Similar things can be said of Irish to some extent. Whatever the circumstance, dialectal variations within Old Irish and Vulgar Latin’s enough to beget contemporary Italian, Irish, Scottish Gaelic, French, Spanish and Portuguese.

Dialects Splintering into Languages

I think what I wrote about the Irish language and its precedents likely having dialects and still do when it comes to using certain colour terms (and anything else to some extent, really). If true, this might explain why most dialects of Irish use gorm to mostly mean blue and dark skin whilst a few Irish dialects as well as Scottish Gaelic have it include green vegetation. (There’s a 1768 dictionary stating that ‘gorm’ means both ‘blue’ and ‘black person’.)

This might not be unique to the Irish and Scottish Gaelic languages as a similar phenomenon likely occurred to the Romance languages. Given they all descend from Vulgar/Slangy Latin, this makes the most sense in how and why Italian, Catalan and Romansh preferred domina to mean woman (donna, dona and duonna) whilst French, Occitan and Neapolitan stuck to femina (femme, femena and femna).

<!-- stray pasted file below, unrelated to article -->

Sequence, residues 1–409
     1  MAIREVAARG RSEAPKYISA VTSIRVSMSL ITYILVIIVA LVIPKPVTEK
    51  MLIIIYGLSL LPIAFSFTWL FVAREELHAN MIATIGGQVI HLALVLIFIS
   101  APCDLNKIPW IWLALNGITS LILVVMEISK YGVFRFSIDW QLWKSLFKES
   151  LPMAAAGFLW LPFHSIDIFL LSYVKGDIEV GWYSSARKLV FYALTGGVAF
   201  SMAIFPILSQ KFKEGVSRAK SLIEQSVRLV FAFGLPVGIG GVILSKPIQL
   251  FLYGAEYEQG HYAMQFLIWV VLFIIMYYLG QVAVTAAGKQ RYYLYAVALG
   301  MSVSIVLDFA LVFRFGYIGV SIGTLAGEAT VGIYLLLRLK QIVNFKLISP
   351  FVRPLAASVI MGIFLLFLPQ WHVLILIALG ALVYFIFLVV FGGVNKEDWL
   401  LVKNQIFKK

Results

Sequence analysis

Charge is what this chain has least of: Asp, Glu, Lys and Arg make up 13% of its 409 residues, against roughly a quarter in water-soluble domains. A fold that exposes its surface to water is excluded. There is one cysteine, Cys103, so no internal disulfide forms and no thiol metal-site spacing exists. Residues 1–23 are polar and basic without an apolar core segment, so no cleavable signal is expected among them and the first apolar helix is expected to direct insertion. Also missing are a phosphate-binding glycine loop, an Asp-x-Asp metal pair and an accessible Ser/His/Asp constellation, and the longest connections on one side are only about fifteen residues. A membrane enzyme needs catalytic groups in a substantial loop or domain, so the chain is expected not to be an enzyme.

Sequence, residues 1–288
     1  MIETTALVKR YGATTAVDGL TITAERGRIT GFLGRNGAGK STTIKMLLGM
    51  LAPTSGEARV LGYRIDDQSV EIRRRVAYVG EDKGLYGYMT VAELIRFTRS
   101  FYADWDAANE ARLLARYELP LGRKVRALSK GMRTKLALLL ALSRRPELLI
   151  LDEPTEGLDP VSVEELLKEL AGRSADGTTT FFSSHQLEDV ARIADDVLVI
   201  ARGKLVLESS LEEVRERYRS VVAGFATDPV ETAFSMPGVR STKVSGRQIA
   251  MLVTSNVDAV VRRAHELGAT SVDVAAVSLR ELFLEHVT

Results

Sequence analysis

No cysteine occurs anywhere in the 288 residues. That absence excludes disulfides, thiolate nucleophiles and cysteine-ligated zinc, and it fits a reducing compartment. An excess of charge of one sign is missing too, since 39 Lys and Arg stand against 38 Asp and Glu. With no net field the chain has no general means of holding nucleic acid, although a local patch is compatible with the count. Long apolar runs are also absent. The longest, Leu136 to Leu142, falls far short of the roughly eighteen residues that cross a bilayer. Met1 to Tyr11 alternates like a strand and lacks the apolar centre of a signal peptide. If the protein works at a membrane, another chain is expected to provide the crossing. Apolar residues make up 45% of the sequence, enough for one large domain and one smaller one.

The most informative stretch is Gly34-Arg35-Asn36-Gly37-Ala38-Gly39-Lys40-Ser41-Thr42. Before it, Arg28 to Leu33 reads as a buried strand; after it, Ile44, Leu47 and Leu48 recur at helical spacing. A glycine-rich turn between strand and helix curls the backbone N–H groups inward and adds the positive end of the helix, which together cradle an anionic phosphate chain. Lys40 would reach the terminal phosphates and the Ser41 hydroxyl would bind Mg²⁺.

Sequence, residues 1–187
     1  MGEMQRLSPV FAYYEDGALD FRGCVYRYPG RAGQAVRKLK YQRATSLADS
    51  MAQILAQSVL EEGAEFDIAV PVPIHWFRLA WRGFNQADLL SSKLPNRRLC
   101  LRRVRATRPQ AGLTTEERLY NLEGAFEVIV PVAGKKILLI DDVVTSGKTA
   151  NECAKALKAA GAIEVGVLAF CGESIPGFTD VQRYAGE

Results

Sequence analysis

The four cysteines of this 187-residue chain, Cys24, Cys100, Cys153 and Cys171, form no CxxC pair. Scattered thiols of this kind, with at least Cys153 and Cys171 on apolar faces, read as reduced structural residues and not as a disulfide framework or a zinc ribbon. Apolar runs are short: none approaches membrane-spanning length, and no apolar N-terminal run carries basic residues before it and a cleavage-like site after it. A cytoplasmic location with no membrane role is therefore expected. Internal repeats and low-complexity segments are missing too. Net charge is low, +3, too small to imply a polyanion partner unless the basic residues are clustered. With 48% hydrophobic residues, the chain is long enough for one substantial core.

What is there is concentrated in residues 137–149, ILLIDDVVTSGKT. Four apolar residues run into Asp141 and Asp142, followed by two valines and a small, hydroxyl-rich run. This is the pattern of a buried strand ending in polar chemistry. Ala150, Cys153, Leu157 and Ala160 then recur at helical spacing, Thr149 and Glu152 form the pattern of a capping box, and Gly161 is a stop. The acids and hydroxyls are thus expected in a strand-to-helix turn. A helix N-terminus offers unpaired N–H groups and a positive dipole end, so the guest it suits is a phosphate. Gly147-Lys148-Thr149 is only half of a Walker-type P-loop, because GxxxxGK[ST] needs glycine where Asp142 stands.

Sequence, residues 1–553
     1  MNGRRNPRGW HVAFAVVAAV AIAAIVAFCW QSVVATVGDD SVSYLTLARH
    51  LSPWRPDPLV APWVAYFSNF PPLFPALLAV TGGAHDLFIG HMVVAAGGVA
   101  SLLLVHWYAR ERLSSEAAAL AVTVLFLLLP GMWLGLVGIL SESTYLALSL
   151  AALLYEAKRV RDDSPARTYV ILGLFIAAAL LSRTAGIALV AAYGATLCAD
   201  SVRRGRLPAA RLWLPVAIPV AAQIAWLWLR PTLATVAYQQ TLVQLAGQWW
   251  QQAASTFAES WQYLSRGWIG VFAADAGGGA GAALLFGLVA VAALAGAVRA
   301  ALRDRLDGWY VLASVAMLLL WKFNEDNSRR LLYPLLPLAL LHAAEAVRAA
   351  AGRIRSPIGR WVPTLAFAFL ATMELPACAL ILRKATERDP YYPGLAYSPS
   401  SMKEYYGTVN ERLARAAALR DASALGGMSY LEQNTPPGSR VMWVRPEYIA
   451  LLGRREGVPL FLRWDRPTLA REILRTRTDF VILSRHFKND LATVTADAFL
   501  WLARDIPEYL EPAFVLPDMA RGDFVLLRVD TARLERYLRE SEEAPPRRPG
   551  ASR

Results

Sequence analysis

Likewise Portuguese and Spanish clung onto mulier (mulher, mujer). Spanish, Portuguese and Italian use casa to mean house but French has it mean hut (though it might not be unique in here since I think a few others like Wallon and Normand might use something similar to the French maison). Since French and Italian actually have lexical similarity of almost 90%, so there’s bound to be a number of common cognates.

The ones I recall are tisotto/tissu, fratello/frere, sorella/soeur, coccinella/cocchinelle, matina/matin (Irish has madin), chien/cane, blond/biondo and singe/scimmia (Milanese Lombard likely has simia/scimia and if I were to give the Irish equivalent, it’s simaog). Let’s not also forget that there are even French words spelt similarly to that of their Italian counterparts (loup/lupo and the afformented matin/matina).